Academic journal article Journal of Psychology and Theology

Pilgrims' Progress: Faculty and University Factors in Graduate Student Integration of Faith and Profession

Academic journal article Journal of Psychology and Theology

Pilgrims' Progress: Faculty and University Factors in Graduate Student Integration of Faith and Profession

Article excerpt

Graduate students' perspectives on integration of faith and profession were investigated using item response to identify underlying constructs. Students (N = 595) from various professions and four universities were sampled. Three factors were supported as separate and important constructs for students. The first two factors were drawn from Sorenson's research on attachment theory, faculty as bulwark of the faith versus fellow sojourner and faculty as emotionally transparent versus emotionally distant. A new domain of integration, environmental factors such as class Scripture reading, was supported as a unique factor. An examination of diversity variables gave preliminary evidence that females and students of color may see emotional transparency and environmental factors as more important in Christian integration than other students.


Educational researchers have rejected paradigms of graduate students as empty banks to be filled or infants to be taught (Gunzenhauzer & Gerstl-Pepin, 2006) and replaced them with varied paradigms where diverse students actively engage in education with their own values and ways of knowing. These varied identities can enrich each profession and develop new pathways of exploration and development for the professions. In this context, Christian graduate education has a distinct challenge. It was developed as a means for creating a learning environment with simultaneously shared and yet diverse Christian values, beliefs and ways of knowing. Thus, the task of Christian graduate education is to engage students in a dialogue to integrate existing shared aspects of the faith into their training for a profession while simultaneously appreciating each student's uniqueness. To borrow a religious narrative, graduate students are pilgrims who travel through the rite of passage called "the university," with faculty serving as potential mentors in order to facilitate each student's calling.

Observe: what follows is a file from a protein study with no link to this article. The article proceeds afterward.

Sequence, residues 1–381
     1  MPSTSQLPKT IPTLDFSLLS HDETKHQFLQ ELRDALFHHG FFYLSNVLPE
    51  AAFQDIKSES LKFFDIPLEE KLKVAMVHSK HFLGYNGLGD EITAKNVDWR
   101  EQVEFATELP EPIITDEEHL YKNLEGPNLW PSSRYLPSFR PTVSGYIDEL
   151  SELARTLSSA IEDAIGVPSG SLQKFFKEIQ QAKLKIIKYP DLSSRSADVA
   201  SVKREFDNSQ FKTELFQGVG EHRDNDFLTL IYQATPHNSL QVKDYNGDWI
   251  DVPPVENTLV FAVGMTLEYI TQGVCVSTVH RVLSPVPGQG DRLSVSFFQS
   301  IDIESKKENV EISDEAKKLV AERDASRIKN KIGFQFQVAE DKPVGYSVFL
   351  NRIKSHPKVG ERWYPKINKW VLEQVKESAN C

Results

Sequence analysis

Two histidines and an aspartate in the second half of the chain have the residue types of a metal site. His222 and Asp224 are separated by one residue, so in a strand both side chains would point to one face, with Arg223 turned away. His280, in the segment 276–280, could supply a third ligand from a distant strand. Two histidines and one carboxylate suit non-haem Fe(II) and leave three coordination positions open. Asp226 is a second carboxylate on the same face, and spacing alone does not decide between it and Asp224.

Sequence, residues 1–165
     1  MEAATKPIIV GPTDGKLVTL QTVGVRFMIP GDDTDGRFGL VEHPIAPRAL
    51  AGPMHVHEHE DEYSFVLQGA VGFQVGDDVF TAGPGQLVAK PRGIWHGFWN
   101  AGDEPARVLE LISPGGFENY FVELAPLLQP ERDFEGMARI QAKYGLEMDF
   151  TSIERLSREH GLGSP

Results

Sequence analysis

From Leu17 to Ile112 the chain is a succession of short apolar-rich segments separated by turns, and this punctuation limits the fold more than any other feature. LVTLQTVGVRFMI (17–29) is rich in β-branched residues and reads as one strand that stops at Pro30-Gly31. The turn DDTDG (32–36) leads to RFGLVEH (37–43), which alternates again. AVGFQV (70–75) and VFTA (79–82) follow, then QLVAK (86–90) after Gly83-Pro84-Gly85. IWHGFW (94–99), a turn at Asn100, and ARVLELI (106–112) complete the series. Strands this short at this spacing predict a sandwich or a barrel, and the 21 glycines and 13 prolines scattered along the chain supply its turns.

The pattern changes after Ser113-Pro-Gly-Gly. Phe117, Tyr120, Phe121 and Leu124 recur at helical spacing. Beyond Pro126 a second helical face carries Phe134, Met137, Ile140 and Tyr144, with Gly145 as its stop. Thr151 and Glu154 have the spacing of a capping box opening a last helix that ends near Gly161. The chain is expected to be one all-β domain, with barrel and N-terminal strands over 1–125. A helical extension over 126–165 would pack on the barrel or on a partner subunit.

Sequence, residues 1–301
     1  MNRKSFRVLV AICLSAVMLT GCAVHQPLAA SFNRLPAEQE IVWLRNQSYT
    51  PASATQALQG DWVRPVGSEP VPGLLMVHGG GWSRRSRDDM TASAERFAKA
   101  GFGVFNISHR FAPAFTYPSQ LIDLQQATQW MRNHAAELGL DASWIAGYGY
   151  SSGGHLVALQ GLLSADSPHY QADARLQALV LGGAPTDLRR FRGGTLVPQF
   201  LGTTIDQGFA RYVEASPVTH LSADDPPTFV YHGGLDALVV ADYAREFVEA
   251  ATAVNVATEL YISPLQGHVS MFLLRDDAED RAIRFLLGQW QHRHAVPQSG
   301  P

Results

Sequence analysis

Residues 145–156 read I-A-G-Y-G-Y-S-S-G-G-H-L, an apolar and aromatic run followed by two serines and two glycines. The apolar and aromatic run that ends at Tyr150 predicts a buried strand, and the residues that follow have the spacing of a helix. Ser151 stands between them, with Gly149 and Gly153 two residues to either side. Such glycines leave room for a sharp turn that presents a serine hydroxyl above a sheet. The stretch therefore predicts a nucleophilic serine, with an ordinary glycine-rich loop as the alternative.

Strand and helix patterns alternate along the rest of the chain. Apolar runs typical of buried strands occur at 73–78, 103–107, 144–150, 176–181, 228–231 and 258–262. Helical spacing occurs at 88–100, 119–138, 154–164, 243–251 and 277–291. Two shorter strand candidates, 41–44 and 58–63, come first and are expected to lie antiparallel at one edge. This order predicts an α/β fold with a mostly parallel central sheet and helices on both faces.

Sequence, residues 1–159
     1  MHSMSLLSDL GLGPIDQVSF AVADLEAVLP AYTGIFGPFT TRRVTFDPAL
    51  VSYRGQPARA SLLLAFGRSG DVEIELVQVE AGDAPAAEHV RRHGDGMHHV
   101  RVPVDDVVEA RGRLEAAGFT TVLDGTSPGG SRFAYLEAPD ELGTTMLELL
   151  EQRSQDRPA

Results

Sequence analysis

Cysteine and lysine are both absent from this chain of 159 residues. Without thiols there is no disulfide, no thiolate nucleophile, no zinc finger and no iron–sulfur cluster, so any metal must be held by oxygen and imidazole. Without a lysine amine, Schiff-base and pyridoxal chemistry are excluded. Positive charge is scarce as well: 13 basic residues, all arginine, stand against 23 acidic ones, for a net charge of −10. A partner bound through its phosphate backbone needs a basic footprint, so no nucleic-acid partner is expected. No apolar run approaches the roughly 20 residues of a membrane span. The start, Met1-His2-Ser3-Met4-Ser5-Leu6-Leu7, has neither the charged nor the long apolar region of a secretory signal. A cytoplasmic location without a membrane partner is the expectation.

This rite of passage becomes more complex when one notes that faculty and students may not see integration in the same way. For over thirty years, the integration of faith and learning has been studied from theological and scientific perspectives in the Christian academic community (e.g., Holmes, 1975, 1987). Scholars have articulated a variety of opinions on what exactly such integration entails; however, the perceptions of students have been much less investigated. A substantial difference in student views and faculty opinions on this important topic could considerably impact student satisfaction and retention at Christian universities (Morris, Smith, & Cejda, 2003; Schreiner, 2000). The lack of broad-based research on what students perceive as equating to meaningful integration therefore is disconcerting.

Paradigms of Learning Christian Integration

Concomitant with the great paradigm shifts in academia in general (Girgus, 1999), various conceptualizations exist among those attempting to integrate the Christian faith and scholarship. Badley (1994) identified several different construct paradigms from the literature for integration. In fusion integration, two elements (for example, an academic discipline and Christianity) mesh into a new element that may or may not retain the individual characteristics of the original elements, incorporation integration, as the name implies, suggests that one element "disappears into" (p. 24) or is incorporated into the other. Correlation integration observes points of common interest or dispute but does not meaningfully combine anything. Dialogical integration conceptualizes a discipline's interaction with Christianity along ethical, political, or moral lines. Finally, perspectival integration emphasizes how the Christian worldview impacts the entire educational process, from the academic discipline to the university setting itself and beyond, where "disparate and even conflicting elements cohere as they fit into a larger framework of thought and practice" (p. …

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